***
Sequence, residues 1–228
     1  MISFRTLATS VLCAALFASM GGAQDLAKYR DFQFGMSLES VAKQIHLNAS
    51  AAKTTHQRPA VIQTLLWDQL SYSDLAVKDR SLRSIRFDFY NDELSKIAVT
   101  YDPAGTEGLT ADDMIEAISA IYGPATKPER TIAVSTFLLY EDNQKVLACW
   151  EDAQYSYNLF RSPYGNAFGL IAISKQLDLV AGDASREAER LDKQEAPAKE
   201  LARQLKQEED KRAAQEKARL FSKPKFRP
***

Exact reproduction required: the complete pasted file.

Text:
Sequence, residues 1–228
     1  MISFRTLATS VLCAALFASM GGAQDLAKYR DFQFGMSLES VAKQIHLNAS
    51  AAKTTHQRPA VIQTLLWDQL SYSDLAVKDR SLRSIRFDFY NDELSKIAVT
   101  YDPAGTEGLT ADDMIEAISA IYGPATKPER TIAVSTFLLY EDNQKVLACW
   151  EDAQYSYNLF RSPYGNAFGL IAISKQLDLV AGDASREAER LDKQEAPAKE
   201  LARQLKQEED KRAAQEKARL FSKPKFRP